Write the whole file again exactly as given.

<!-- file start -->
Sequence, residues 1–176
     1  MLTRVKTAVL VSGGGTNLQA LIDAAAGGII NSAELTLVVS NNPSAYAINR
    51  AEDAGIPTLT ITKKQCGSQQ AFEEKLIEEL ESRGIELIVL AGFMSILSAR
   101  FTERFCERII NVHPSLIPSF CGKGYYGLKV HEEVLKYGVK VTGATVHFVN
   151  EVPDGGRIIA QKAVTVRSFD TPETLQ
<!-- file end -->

Sequence, residues 1–176
     1  MLTRVKTAVL VSGGGTNLQA LIDAAAGGII NSAELTLVVS NNPSAYAINR
    51  AEDAGIPTLT ITKKQCGSQQ AFEEKLIEEL ESRGIELIVL AGFMSILSAR
   101  FTERFCERII NVHPSLIPSF CGKGYYGLKV HEEVLKYGVK VTGATVHFVN
   151  EVPDGGRIIA QKAVTVRSFD TPETLQ